Ad men in the 1950s and 60’s were full of contradictions. They had to give the clients what they wanted. Yet, whenever they could, they delivered ideas that were outrageous and worse. They laughed at our collective gullibility. They ridiculed the American housewife but loved to sell her stuff. Dick Anderson and colleagues would role play ideas to work them out. One time they tried the idea of tough guys who could cook. Actors like Vincent Price and Edward G. Robinson would play mobsters who could make instant coffee. They would have aprons on and say things like, “alright, you guys are going to fry!” Find other examples of outrageous ideas, like talking beer steins in The Lost Chapters.
Benton and Bowles, SSC&B, and the agencies Dick worked for produced some great ads and some terrible ones.
One disasterous ad that my father was involved in was part of a successful Instant Maxwell House campaign that boasted, “you get a cup and a half of flavor in every cup of Instant Maxwell House.” It was pulled when customers called with stories of burning their hands trying to imitate the animated ad!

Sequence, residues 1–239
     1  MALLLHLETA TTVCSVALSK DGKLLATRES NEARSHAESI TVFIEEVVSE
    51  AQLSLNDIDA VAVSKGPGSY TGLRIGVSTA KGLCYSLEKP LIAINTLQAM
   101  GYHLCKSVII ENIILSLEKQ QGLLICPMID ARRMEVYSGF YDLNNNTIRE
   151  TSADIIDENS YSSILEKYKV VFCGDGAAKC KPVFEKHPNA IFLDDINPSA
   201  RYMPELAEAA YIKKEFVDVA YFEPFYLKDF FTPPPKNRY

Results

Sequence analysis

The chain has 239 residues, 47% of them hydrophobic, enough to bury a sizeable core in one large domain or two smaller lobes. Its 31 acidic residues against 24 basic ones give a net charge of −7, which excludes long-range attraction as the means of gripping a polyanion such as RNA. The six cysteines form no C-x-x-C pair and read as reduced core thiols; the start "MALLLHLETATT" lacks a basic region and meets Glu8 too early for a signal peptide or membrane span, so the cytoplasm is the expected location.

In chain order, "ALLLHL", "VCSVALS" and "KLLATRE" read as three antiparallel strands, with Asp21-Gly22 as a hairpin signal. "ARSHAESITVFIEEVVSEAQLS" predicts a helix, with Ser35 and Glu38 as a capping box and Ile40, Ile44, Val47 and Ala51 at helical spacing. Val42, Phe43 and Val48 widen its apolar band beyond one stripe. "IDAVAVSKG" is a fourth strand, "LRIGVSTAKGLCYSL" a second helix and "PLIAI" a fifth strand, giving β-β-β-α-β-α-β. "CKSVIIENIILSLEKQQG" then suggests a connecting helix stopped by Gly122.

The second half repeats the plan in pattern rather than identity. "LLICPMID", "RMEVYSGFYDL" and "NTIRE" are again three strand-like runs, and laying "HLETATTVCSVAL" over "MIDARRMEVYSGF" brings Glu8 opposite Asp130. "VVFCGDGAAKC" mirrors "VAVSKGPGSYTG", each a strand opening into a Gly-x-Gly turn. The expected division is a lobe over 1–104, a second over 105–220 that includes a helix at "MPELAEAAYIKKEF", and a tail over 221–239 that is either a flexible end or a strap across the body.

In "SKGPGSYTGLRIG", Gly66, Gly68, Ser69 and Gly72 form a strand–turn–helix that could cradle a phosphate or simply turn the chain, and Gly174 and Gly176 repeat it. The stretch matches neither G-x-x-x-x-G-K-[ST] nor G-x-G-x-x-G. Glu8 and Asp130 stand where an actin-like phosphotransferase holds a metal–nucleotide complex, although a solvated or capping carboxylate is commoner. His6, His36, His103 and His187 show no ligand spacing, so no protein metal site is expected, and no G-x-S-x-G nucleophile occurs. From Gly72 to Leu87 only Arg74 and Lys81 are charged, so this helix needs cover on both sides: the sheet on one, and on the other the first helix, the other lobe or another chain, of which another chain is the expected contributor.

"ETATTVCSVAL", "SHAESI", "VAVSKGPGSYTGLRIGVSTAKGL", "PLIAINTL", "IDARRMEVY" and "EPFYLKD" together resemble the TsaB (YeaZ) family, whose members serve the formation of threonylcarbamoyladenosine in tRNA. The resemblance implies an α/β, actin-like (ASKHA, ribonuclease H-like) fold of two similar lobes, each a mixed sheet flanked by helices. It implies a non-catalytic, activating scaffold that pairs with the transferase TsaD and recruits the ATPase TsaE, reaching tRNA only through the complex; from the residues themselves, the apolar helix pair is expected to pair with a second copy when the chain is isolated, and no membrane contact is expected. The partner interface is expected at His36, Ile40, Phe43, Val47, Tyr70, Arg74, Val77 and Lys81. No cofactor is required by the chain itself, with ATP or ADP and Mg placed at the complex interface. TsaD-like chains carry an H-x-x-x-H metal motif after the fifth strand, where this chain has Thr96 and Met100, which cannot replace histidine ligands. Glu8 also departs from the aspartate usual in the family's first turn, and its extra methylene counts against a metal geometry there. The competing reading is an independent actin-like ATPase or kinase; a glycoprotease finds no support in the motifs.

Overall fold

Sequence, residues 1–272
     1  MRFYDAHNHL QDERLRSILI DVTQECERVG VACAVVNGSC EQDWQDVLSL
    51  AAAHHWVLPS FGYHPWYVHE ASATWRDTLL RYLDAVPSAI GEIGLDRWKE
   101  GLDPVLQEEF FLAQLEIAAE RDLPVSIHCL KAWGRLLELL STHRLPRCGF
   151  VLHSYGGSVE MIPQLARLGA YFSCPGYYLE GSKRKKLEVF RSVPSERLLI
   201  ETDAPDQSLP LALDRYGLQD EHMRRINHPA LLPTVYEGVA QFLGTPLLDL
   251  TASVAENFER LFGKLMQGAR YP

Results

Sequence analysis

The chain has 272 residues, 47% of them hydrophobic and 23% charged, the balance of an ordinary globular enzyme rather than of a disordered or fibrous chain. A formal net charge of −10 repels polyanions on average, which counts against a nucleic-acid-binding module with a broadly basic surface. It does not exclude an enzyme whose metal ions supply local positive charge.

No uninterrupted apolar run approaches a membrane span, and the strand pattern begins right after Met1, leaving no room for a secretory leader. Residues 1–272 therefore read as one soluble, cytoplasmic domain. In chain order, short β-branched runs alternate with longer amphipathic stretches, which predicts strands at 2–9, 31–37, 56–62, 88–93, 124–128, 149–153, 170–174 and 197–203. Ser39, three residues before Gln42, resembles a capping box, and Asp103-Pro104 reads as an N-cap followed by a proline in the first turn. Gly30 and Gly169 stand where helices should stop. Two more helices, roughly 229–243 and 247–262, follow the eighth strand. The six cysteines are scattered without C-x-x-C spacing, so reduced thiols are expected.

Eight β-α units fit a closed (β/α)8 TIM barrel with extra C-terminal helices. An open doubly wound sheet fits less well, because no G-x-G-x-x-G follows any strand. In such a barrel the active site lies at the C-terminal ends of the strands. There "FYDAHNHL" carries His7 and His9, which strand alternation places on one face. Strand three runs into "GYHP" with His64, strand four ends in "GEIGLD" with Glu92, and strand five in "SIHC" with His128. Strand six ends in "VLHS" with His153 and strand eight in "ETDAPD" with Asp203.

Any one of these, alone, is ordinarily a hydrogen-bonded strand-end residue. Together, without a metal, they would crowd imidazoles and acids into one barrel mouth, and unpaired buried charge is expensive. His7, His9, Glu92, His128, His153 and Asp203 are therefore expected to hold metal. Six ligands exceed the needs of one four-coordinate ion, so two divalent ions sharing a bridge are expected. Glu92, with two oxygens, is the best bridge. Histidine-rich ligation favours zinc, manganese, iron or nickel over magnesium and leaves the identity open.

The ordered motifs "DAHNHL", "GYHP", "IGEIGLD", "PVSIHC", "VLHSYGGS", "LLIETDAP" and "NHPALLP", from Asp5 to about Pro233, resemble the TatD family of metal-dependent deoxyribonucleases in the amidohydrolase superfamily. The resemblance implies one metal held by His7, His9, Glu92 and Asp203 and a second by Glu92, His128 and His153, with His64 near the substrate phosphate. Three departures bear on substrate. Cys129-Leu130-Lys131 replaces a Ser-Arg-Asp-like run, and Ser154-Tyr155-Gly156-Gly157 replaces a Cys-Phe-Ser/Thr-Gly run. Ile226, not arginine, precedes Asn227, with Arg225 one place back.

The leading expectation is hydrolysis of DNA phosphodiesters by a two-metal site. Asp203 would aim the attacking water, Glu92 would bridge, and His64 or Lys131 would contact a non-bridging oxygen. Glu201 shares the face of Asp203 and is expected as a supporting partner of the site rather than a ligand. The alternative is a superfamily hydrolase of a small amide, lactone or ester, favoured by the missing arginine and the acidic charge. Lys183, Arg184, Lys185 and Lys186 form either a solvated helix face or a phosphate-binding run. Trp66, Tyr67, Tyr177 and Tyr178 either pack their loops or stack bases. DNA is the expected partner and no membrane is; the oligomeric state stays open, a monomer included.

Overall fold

In 1964 when Dick Anderson’s sister-in-law gave birth to twins he happened to be working on the continuation of the “Please Don’t Squeeze the Charmin!” campaign for Proctor and Gamble. For fun he wrote and produced a version of the familiar bathroom tissue (toilet paper) ad. In it the nosey grocer, played by actor Dick Wilson, discovers adult twin sisters (named after his newborn nieces) who of course can’t keep themselves from fondling the packages on display. I have the original film. Take a look.